He knows McLaren are unlikely to be on the podium at the British GP, but Jenson Button admits he still "holds out hope" that one day he will be able to pay back the fans.
This year will mark Button's 16th grand prix at Silverstone, yet remarkably he has never finished in the top three at his home race, let alone win there.
With McLaren struggling at the backend of the grid this year, the 35-year-old concedes he won't end his podium drought this year, but that doesn't mean he can't dream big.
"I don't go into Silverstone thinking I might not ever finish on the podium, only when I'm asked about it. I still hold out hope," he said.
"I want to be on the podium and win in front of my home crowd. When they've been so supportive you want to repay them.
"You've got to be realistic and realise that is not possible right now, but it might be possible in the future."
Having scored the team's first points at the Monaco Grand Prix at the end of May, Button and McLaren have endured two nightmare races since as both drivers failed to see the chequered flag.
To add insult to injury, Button and Fernando Alonso were handed 25-place grid penalties in Austria last time out.
"It's never the way you want to get to the British GP after the two weekends we've had, but the reason for last weekend is I didn't want to take penalties at Silverstone," he added.
"It won't be an easy weekend but as always it will be very emotional with the British public.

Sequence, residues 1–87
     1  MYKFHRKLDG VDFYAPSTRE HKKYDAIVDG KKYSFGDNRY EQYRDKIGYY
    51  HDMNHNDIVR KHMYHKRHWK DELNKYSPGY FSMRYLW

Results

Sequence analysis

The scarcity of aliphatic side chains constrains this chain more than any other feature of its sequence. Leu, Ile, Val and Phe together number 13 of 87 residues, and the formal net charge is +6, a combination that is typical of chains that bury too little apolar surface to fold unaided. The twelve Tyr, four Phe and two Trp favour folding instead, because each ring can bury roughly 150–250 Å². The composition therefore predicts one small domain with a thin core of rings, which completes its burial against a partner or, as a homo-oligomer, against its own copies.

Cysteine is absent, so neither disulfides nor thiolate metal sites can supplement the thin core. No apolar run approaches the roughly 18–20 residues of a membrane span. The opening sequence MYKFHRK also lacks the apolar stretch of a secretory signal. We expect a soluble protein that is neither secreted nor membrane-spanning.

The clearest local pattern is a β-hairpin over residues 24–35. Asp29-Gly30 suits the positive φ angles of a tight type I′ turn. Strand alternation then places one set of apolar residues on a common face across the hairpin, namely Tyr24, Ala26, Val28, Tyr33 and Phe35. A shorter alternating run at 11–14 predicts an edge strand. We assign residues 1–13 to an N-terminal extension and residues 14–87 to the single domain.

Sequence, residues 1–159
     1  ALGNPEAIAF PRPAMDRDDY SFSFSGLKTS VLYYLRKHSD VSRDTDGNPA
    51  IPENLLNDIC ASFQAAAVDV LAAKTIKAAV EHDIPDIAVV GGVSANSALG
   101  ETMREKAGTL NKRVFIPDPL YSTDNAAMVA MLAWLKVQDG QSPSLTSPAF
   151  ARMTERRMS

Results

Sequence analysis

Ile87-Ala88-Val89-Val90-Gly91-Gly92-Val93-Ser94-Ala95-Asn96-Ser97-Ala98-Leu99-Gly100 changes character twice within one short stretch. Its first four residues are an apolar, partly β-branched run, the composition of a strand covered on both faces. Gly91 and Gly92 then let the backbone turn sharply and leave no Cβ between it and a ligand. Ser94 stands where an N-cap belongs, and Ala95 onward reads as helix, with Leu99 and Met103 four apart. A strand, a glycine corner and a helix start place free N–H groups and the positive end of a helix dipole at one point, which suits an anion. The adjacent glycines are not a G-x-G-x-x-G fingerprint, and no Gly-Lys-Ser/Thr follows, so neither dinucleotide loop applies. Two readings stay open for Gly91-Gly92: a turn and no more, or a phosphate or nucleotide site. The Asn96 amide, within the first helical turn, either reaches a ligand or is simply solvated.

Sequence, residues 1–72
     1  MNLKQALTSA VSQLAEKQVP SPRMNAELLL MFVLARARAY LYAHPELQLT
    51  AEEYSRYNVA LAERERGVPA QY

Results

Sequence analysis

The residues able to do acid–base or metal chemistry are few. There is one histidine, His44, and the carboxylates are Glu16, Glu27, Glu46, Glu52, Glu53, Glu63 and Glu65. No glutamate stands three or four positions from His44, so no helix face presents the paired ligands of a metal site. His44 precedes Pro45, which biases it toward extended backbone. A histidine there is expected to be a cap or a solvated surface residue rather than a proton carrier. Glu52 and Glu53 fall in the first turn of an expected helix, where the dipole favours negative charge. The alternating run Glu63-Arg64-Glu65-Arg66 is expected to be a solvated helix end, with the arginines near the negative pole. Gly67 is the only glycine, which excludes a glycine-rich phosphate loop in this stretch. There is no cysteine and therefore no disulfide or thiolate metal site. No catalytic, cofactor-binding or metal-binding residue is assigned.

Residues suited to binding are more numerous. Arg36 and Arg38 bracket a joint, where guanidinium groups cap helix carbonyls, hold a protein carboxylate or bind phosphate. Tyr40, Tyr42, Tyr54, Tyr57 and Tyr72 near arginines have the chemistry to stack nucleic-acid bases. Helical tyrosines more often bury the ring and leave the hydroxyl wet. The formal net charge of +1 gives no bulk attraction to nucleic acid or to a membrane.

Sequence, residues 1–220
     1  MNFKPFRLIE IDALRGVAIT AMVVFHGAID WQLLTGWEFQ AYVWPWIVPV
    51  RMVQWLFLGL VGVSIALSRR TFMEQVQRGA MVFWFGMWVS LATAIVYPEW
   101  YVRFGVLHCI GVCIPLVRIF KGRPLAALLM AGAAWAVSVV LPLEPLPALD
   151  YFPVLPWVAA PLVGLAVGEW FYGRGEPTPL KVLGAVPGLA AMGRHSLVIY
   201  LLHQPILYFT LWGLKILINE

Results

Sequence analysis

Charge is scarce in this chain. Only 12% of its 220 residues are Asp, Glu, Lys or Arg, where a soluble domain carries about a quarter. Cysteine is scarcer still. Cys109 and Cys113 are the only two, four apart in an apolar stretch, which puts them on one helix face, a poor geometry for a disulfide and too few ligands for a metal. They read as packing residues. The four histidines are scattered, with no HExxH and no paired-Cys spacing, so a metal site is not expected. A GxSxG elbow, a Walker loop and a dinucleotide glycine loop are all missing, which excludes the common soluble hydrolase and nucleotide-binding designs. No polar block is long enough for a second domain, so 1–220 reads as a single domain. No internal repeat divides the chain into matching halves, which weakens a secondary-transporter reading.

"We're still not going to score big points but I do know they'll support us."
Although it has been a trying campaign for everyone at Grove, Button says they are all determined to make things right.
"I think it hurts everyone. It doesn't hurt me any more than everyone else," said Button.
"I'm one of the spokespersons for the team. I have to come across positive and confident because I've got 700 people at the factory that don't come to a grand prix and it's very difficult them to see what happens.
"I've still got one of the best jobs in the world. I'd rather be at the front right now, but still driving a Formula 1 car for a living.
"You still have difficult days and that's when you need family and good friends around you.
"We're giving everything. We're not just driving around waiting for it to get good.
"It's our home grand prix and we want to have a good result. I think the parts we get for Silverstone (will) end up balancing everything out so I'm looking forward to it.
"I think our car will be better there. The straights will be better – you carry speed on."